Religion and worldview have significant effects on employment opportunities of women. Protestants and other religious affiliations are the most likely to be employed, while Muslims are the least likely to be economically active. The study recommends countering a discrimination in the workplace. Furthermore, the data reveals a higher absorptive capacity of women workers by the services and manufacturing sectors, while it has found a disproportionate representation of women in industries that require more cognitive skills than physical strength.

Therefore, there is a need to spur investments in both the manufacturing and services sectors, and to eliminate barriers to women’s participation in their preferred occupation.

Context of Transport Sector Participation of Women in the Global Context

According to Carvajal and Alam in their article regarding a high level gender discussion co-hosted by the World Bank and the World Resources Institute during the Transforming Transportation 2018 Conference posted in the World Bank blogs, women represent the largest share of public transport users around the world, yet they face many barriers that limit their mobility. The numbers speak for themselves.

Some 80% of women are afraid of being harassed in public spaces. In developing countries, safety concerns and limited access to transport reducing the probability of women participating in the labor market by 16.5%, with serious consequences on the economy: the global GDP could grow by an additional $5.8 trillion if the gender gap in male and female labor force participation is decreased by 25% by 2025 from the data of the International Labor Organization.

Women and men have different mobility needs and patterns, yet transport policies for most countries remain unrelentingly gender-blind. Meanwhile, female participation in the transport sector—as operators, drivers, engineers, and leaders—remains low. They cited the Harvard Business Review, stating that women make up 20% of engineering graduates, but nearly 40% of them either quit or never enter the profession.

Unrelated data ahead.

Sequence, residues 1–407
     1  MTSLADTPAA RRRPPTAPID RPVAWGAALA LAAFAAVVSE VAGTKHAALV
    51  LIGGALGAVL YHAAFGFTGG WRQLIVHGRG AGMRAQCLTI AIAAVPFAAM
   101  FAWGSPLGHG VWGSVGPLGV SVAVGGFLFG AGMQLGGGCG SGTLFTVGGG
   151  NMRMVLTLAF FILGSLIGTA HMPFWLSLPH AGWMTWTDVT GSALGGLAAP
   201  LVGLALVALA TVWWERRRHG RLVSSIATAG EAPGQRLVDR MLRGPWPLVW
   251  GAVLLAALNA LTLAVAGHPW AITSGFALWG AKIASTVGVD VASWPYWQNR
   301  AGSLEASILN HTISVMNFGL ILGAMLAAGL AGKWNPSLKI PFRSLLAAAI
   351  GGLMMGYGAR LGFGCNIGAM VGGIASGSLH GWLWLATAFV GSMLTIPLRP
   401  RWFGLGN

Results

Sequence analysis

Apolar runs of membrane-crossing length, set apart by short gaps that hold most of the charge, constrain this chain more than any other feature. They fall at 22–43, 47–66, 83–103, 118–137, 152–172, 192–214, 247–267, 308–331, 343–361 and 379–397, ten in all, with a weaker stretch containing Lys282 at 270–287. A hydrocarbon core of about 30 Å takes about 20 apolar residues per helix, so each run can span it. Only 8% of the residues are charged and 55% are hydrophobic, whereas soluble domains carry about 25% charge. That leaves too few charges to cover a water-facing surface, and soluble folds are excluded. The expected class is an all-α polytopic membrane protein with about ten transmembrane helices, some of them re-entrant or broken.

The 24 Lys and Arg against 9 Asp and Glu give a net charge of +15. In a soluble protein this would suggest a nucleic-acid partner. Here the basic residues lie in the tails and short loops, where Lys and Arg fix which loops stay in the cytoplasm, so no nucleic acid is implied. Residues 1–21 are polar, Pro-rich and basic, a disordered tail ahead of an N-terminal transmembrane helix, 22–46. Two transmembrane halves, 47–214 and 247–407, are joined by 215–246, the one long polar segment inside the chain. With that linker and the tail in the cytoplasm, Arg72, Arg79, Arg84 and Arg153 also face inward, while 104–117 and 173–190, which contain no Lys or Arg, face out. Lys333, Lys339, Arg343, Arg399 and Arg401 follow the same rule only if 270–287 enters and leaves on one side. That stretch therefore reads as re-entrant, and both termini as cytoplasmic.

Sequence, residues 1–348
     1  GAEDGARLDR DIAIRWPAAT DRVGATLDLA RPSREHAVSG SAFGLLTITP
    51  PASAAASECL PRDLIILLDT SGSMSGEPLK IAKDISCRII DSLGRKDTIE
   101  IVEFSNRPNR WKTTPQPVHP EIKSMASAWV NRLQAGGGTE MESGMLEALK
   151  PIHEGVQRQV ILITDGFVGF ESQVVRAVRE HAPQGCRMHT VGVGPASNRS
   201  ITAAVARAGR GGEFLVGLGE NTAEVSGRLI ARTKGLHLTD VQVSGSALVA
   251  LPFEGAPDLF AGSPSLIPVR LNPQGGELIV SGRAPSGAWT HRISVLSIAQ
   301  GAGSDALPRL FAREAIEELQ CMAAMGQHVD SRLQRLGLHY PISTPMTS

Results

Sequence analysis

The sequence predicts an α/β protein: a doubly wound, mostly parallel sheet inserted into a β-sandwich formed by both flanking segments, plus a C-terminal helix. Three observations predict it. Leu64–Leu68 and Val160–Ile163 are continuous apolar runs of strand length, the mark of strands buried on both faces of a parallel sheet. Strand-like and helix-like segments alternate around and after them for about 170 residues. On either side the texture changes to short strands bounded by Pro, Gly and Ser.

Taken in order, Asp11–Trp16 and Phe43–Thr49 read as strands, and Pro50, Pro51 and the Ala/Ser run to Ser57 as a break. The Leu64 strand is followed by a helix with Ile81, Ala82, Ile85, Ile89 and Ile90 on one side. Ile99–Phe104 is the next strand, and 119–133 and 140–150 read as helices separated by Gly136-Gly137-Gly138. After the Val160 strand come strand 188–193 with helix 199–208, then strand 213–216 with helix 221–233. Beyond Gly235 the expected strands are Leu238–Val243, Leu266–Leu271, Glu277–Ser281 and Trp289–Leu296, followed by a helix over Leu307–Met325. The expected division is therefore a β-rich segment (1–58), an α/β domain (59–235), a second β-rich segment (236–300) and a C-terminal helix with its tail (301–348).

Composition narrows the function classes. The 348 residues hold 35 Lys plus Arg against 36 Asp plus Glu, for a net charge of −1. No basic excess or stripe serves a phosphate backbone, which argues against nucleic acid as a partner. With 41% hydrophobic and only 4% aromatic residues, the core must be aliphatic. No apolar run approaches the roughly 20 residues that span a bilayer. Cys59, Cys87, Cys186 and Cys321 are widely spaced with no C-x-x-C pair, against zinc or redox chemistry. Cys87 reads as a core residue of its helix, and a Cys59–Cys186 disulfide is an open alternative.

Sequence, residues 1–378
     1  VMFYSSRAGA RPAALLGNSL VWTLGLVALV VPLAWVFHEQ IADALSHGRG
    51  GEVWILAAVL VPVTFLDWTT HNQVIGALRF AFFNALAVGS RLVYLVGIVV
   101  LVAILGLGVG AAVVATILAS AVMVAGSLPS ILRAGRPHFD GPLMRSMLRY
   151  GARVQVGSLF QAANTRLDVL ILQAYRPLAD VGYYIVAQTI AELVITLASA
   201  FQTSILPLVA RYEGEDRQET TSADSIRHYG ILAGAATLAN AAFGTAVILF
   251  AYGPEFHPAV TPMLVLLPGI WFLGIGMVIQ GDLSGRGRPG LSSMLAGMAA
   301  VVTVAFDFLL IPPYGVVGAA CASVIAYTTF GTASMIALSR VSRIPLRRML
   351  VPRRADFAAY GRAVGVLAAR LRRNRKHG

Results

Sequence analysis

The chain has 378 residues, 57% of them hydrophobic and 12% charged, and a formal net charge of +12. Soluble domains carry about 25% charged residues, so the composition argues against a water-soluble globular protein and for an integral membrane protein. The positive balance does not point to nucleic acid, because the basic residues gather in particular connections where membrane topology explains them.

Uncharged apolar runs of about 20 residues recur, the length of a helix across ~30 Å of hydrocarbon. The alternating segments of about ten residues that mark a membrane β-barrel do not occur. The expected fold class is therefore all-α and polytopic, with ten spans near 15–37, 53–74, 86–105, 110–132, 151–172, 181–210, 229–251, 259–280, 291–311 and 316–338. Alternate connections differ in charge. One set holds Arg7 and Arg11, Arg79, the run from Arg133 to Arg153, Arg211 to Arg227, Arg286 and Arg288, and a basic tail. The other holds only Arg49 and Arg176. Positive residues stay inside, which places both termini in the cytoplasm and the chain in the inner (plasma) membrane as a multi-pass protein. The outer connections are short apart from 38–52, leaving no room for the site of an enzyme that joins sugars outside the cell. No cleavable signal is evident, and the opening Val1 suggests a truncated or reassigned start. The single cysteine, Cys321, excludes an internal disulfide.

As a result, the transport industry remains heavily male-dominated, which only makes it harder for women service users to make themselves heard, and limits incentives for the sector to become more inclusive.

Facing the Challenges and Shaping the New Normal

With the brunt of changes brought by the COVID-19 Pandemic in the labor force and in the transport sector, the challenges can be faced with new opportunities to promote innovation and sustainable transportation, to improve conditions for women in transport and to promote their involvement as part of the transport sector through exploration of new avenues through public-private partnerships.

MOVEHer is a youth-and-women-led movement by members of the Save A Trike Co. in cooperation with transport industry partners EV Wealth Inc., AVIS Philippines, Davis Taxi Service, and others, that seeks to encourage the transport sector in the Philippines to go beyond gender neutrality. Its project, the "Trikebayan" will be giving away electric tricycles to women drivers around the country.

We recognize that by considering the specific expectations, needs and challenges of women as drivers, or passengers, the society will be able to meet the demands of a large part of transport users. Mobility also allows women to exercise their freedoms at home and “extend their range” of access to markets, jobs, services and other social contacts. In addition, women’s mobility does not only mean freedom to move but ensuring the safety of these public spaces for women and girls.

Contact Information

MoveHER Coalition women@peacenetwork.asia

MoveHER Trikebayan official website